June 1, 2009

Good Science: How Organochlorines Are Making Us Fat

You've dieted. You've lost 20, 30, 100 lbs. It all came back as soon as you stopped starving yourself.

Perhaps you blamed yourself for weak will. Perhaps you thought being fat was "in your genes." But there's a new possibility revealed in research that was published without any fanfare 5 years ago.

Perhaps you are being poisoned by the plastics, pesticides and industrial solvents that have contaminated our air and water and which are now being found in the blood streams of 60% of Americans.

Here's the study:

Thermogenesis and weight loss in obese individuals: a primary association with organochlorine pollution. A Tremblay1 et al. International Journal of Obesity (2004) 28, 936–939. doi:10.1038/sj.ijo.0802527 Published online 18 May 2004.

In this study researchers measured the sleeping metabolic rate of fifteen obese subjects, male and female, before and after they pursued a 15 week weight loss regimen. The researchers predicted the degree of metabolic slowdown they would find in their subjects after weight loss using formulas derived from a control group of 86 non-obese individuals with a wide range of body weights whose sleeping metabolism had been studied with a whole body calorimeter. The formula they came out with was validated by being compared with the findings of another study by other researchers.

At the start of the study the obese subjects had much higher metabolic rates than the controls. After weight loss, though their final metabolic rate value was within the range for normal people who weighed on average considerably less than they did, the amount by which their metabolic rate had dropped was almost twice what had been predicted. You can view the graph showing the result HERE.

Analysis of the blood of the participants for
fasting plasma leptin, total T3,free T4, and total plasma OC concentrations after weight loss as well as their changes induced by weight loss were used as predicting variables. As the change in plasma OC concentration is associated with the loss of FM [fat mass], and since Dulloo and Jacquet have reported that fat depletion (loss in FM as a %
of initial FM) is a determinant of the adaptive fall in basal metabolic rate during weight loss, fat depletion was correlated with the change in plasma OC concentration. This correlation was significant (r2 >0.37, P0.05), and fat depletion was thus included as the predicting variable in the analysis. As shown in Table 2, the change in total plasma OC concentration was the main factor explaining deviations in SMR from predicted values in response to weight loss (r2¼0.47).
In their summary they restated this more simply:

Increased plasma OC concentration was the factor explaining the greatest proportion of the difference between predicted and measured SMR [sleeping metabolic rate] changes induced by body weight loss. OC [organochlorine] pollution seems to be a new factor affecting the control of thermogenesis in some obese individuals experiencing body weight loss.

So what, you may ask are "organochlorines?"

The answer is a host of organic pollutants that pervade our environment. At the top of the list is vyinyl chloride, an ingredient in PVC plastics. The NIH's Report on Carcinogens (11th ed) describes vinyl choride as a known cause of cancer known to cause genetic damage. It also explains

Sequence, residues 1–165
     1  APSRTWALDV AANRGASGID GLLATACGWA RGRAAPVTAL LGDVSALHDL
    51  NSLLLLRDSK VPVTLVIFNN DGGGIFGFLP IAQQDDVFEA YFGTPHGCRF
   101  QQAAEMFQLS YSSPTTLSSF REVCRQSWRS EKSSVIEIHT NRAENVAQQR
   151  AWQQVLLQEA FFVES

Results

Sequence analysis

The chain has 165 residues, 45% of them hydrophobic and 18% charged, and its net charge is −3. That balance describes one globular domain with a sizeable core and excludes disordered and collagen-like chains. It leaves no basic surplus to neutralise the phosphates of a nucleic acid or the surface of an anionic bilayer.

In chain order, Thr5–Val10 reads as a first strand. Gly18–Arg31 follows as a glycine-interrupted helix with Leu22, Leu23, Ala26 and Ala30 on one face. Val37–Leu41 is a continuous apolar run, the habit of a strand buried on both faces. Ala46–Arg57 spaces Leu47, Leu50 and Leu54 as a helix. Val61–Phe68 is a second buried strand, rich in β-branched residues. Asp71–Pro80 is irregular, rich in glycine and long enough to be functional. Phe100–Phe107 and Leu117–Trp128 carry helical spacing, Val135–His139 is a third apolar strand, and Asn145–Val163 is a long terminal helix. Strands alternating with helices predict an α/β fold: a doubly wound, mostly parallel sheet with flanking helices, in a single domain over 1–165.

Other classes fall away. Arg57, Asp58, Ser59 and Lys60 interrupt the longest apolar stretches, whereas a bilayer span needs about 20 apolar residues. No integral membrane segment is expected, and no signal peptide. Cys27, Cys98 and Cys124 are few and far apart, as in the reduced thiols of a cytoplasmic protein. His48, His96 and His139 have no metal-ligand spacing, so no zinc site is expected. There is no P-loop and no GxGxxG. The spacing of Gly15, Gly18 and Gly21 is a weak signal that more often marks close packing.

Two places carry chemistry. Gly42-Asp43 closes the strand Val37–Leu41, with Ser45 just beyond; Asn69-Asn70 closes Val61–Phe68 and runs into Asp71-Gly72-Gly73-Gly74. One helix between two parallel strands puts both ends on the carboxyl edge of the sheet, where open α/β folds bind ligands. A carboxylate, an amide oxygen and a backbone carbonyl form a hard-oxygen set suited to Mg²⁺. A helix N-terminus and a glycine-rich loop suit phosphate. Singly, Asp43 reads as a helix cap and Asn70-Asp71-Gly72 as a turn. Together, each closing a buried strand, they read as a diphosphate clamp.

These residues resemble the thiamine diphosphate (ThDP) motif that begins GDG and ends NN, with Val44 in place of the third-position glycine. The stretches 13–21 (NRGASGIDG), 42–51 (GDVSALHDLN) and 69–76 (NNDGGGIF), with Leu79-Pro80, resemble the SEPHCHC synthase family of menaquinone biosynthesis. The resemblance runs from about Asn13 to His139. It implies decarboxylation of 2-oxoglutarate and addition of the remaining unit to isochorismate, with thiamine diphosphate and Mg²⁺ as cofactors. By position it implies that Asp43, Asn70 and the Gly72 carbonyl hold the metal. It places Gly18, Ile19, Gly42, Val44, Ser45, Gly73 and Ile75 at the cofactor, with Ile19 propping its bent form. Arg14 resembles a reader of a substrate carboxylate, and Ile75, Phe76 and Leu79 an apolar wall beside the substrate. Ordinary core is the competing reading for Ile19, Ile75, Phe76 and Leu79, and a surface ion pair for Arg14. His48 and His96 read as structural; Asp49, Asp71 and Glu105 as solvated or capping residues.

PVC is a plastic resin used in many consumer and industrial products, including automotive parts and accessories, furniture, medical supplies, containers, wrapping film, battery cell separators, electrical insulation, water distribution systems, flooring, windows, videodiscs, irrigation systems, and credit cards.
But that is only one source of organocholorines. They also found in pesticides, industrial solvents, and the PCBs still found in our environment thanks to decades of industrial use.

The researchers also calculated the impact of the dramatic drop in leptin (expected with weight loss) and concluded that
The main finding of this study was that the changes in plasma OC concentration were the main predictor of adaptive thermogenesis, and explained about 50% of its variance. As discussed above, this is not a surprise since these compounds produce significant alterations of mitochondrial activity and of the thyroid function.
In short, while we expect dieters to experience slowed metabolisms after dieting thanks to some natural changes, a major one of which is the drop in leptin levels, it appears that the presence of these chemical pollutants in our body is causing the metabolic slowdown to be much steeper than predicted.

And from a practical standpoint what this means is that a person whose body is filled with these chemicals who manages to lose weight will have an extremely hard time maintaining that weight loss--harder than would be the case were their bodies not filled with these chemicals that damage their mitchondria (the cell units that burn energy) and their thyroids.

This finding correlates with others we have discussed elsewhere that link incidence of diabetes in various populations with their exposure to PCBS, plastics, and pesticides. These other studies suggest that the organochlorines not only explain why it is so difficult to lose weight, but possibly why people gain weight in the first place, since these chemicals destroy the systems used to control blood sugar, and ravenous hunger is a side effect of poor blood sugar control.